The second movement in the film is dedicated to laying bare the landscape as a psycho-geographic space created by caste-power. The fields that they ran through in the first flush of love now bristle with menace, and they must creep and crawl through it to stay alive. Exiting this landscape is harder than we might imagine. Balya urges them to run away to Mumbai or Pune, but the bus that the runaways hide in is going right back to Bittergaon, and so they must escape into the fields, spend the night eluding search parties, and make a break for Osmanabad. Where cops pick them up, and register cases of kidnapping and worse against the boys and their families. When Archie hears of this and makes a scene, they are freed, and the cases withdrawn, but with that the mechanisms of justice are handed back to the MLA’s private army, and she must intervene again. This is when she finds a gun, and they make their escape on a passing train.
The first movement of the film is occupied by various unorthodox forms of movement perhaps because it is the one in which the dream comes true.Flying through the air is one such, whether it is Parshya executing a perfect dive into the river when he hears that Archana is at their well, or him hurtling into that well minutes later with his slippers still on, or Archie flapping with her dupatta as she rides pillion behind a nervous friend.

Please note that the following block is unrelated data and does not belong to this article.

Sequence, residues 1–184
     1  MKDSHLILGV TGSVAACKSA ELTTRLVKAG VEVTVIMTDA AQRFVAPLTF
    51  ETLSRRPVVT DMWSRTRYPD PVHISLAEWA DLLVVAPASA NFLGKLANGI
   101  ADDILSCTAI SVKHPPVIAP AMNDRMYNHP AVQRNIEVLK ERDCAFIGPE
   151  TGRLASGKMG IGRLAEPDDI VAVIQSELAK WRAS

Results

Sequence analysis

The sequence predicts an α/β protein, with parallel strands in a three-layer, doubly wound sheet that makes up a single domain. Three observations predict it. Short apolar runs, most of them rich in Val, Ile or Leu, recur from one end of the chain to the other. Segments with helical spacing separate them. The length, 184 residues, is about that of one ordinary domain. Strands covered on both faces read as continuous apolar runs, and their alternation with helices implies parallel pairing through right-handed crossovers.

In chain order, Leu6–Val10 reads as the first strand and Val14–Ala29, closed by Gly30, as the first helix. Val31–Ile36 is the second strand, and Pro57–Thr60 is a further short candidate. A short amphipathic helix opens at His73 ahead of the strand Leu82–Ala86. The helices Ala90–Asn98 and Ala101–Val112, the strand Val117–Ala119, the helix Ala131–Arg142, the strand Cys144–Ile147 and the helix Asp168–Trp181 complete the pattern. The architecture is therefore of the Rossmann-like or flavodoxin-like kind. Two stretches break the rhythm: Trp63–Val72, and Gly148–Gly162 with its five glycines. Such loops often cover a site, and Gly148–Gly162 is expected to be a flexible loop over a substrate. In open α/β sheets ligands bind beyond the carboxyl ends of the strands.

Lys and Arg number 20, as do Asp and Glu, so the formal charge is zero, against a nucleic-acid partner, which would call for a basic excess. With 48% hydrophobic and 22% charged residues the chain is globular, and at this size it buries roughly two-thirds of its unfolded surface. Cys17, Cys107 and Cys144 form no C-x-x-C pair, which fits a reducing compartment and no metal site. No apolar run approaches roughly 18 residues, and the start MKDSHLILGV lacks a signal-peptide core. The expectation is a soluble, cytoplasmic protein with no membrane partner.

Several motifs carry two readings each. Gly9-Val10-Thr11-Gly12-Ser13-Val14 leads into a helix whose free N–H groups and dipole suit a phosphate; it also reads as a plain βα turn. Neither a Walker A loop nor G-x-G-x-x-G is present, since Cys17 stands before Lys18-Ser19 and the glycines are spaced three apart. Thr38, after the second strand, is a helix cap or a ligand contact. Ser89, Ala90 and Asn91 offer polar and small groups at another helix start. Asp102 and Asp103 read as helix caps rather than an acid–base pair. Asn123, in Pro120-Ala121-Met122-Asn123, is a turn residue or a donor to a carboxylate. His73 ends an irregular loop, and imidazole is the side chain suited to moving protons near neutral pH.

Three of the four songs that are fitted into this part occur in dreamy slo-mo. The other kind of movement is a wriggling that is semaphoric of sexual abandon. Everybody breaks into impromptu dance. The boys break into a jiggly dance while they wait for a train to pass. Archie breaks into dance moves while walking on the street, or while at PT exercises.
The Zingat number completes the film’s first movement in an orgiastic display of writhing bodies. Manjule turns up to pull off some fancy dance moves, just as in Fandry. The topography granted to their love is often the familiar scenic, empty of people that Bollywood proffers. It is populated now and then by birds in silent flight, writing strange shapes across the skies, and offering a kind of visual counter for the sense of levitation that grips both characters.If the social is a form of surveillance, then there is the experience of living in it and escaping it.